Mary and Martha

Mary and Martha were sisters of Lazarus. Jesus stayed at their house. The family, as far as we know, consisted of Mary, Martha and their brother Lazarus. That Martha was a widow - that her husband was, or had been Simon the Leper - that Lazarus is identical with the gentle and holy Rabbi of that name mentioned in the Talmud - are conjectures. They were a family in easy circumstances, and of sufficient dignity and position to excite considerable attention, not only in their own little village of Bethany, but even Jerusalem.

Bethany must have held a special charm for Jesus because of the friends whose love and reverence always placed at his disposal their holy and happy home. It is there that we find him on the eve of the Feast of Dedication, which marked the close of that public journey designed for the full and final proclamation of His coming kingdom.

It was Martha that received Jesus into their house. The name Martha is Aramaic for Lady. She seems to be the manager of the hospitable home and sees to it that everything that can be is done to make a worthy welcome for their revered guest and friend. Mary sat at Jesus' feet and heard His word. "But Martha was cumbered about much serving, and came to Him, and said: 'Lord do you not care that my sister has left me to serve alone? Bid her therefore that she help me.' And Jesus answered and said unto her 'Martha, Martha, you are careful and troubled about many things. But one thing is needful and Mary has chosen that good part, which shall not be taken away from her.'" Mary had chosen the best part - not that Martha had chosen evil, what she was doing was necessary, her error lay in thinking that the contemplation of Christ was mere idling, whereas it is the highest activity of all. Their brother Lazarus does not figure in this episode at all, perhaps ill of the malady which a few months later led to his four-day sojourn in the tomb.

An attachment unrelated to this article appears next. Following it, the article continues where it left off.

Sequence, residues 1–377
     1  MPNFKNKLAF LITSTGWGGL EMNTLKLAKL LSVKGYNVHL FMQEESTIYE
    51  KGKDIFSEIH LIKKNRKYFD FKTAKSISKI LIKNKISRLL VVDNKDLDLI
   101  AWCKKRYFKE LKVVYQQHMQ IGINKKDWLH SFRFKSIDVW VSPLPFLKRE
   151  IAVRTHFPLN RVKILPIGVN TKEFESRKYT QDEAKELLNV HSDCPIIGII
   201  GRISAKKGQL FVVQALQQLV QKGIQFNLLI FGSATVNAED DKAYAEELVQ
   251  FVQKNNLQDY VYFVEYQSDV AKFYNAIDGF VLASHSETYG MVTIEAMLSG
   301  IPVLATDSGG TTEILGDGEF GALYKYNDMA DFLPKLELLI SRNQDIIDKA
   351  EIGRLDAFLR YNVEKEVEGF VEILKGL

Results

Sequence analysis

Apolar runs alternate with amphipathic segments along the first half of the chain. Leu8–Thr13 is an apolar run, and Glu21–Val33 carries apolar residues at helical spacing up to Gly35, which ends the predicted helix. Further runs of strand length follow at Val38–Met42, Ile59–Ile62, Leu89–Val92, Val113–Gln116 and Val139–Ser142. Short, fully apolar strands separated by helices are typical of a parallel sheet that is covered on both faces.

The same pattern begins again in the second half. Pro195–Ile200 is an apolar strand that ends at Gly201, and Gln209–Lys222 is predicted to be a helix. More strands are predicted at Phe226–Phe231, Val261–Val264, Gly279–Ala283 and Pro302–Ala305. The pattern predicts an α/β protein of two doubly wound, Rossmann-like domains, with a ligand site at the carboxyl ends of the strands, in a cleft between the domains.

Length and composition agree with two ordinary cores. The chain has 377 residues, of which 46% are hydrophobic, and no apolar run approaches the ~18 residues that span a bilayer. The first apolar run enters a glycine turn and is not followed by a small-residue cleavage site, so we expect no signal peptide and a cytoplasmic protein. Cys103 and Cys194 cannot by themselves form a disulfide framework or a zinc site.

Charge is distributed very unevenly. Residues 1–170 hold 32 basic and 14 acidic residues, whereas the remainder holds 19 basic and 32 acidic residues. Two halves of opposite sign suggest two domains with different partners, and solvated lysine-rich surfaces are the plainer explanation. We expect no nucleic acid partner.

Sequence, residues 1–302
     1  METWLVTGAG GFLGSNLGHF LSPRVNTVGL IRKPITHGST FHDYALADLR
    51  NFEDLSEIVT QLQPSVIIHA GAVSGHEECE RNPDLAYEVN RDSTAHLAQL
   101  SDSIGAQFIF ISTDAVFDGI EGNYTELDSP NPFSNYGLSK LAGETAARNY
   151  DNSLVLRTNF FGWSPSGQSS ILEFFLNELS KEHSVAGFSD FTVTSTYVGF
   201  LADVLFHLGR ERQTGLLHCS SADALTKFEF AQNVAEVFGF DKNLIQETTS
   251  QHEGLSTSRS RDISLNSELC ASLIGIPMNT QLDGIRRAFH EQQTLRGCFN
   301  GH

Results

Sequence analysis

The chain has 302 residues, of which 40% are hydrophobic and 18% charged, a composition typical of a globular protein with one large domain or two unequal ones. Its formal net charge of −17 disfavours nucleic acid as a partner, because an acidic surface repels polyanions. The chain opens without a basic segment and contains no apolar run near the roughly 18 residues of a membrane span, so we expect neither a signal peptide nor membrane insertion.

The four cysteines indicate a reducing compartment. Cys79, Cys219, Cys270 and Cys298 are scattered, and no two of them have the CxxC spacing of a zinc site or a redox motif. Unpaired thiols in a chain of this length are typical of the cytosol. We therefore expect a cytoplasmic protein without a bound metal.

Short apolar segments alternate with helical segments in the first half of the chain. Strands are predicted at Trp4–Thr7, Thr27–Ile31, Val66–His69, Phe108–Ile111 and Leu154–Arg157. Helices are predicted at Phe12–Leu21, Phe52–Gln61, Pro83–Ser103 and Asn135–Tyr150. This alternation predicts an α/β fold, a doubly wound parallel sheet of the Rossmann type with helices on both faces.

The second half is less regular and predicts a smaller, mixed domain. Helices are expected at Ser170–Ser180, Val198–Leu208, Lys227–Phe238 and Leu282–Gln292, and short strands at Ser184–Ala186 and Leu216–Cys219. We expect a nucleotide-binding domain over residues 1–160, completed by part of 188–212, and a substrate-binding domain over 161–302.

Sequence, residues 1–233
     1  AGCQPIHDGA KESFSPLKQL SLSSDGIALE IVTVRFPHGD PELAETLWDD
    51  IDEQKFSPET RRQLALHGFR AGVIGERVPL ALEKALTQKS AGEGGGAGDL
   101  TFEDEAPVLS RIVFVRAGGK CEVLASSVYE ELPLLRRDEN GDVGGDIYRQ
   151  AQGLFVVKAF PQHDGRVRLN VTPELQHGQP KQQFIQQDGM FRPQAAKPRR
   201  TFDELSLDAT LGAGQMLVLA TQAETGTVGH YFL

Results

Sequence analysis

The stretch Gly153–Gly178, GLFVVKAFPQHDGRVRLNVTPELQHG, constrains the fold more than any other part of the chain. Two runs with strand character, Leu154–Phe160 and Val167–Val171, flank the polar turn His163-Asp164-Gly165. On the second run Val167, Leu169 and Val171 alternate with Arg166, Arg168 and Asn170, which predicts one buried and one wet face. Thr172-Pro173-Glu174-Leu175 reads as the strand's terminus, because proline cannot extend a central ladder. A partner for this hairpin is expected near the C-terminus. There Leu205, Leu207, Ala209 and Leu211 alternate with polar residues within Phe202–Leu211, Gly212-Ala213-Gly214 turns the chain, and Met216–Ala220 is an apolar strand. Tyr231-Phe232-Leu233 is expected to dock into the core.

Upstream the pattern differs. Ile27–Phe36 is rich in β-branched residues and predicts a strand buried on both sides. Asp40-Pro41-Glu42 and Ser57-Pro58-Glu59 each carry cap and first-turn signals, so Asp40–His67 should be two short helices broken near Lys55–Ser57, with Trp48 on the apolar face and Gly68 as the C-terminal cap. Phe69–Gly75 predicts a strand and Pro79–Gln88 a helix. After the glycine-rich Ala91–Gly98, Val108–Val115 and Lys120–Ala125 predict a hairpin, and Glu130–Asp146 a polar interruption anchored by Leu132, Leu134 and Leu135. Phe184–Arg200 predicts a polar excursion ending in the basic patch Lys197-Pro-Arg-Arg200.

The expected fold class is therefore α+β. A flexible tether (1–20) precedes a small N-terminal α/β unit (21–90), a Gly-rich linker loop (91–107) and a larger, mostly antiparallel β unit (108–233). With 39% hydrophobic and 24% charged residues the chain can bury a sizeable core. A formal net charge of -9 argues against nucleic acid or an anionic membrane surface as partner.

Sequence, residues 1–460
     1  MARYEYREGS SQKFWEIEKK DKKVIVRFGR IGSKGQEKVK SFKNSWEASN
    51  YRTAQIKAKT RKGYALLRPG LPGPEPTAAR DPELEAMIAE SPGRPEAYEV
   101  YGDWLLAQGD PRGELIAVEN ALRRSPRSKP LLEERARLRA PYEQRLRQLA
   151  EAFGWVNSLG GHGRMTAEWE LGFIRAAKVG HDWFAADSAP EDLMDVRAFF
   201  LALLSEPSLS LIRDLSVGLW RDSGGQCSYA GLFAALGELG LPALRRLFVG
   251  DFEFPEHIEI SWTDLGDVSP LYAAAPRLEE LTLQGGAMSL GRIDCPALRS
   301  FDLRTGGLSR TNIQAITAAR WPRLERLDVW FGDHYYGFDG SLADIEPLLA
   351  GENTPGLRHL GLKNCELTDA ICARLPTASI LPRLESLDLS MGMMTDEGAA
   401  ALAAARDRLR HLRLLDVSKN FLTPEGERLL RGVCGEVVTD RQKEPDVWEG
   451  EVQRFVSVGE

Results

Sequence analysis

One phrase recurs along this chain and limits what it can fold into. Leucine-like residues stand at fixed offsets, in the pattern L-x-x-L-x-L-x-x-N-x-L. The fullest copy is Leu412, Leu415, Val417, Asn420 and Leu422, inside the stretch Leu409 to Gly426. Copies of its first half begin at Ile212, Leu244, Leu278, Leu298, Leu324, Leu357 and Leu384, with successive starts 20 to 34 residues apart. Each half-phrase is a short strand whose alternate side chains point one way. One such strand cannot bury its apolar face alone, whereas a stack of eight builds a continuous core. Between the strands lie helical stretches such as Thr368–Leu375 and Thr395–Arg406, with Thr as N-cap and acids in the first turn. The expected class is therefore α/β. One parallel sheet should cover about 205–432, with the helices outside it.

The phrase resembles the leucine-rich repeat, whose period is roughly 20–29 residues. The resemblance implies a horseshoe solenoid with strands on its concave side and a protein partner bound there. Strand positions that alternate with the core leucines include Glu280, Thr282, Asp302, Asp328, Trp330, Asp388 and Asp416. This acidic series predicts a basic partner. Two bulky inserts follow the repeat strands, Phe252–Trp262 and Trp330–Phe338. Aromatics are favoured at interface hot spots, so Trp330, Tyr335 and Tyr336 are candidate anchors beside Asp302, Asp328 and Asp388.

Immediately after the episode of Bethany, Luke records the teaching of the Lord's prayer. Martha represented the type of temperament constantly in turmoil because of the self-imposed exactions of domestic routine. Not an inspiration, urging to higher spiritual attitudes, but another chain to hold her down to more exacting domestic duties.
[309, 318, 324, 363, Luke 10]

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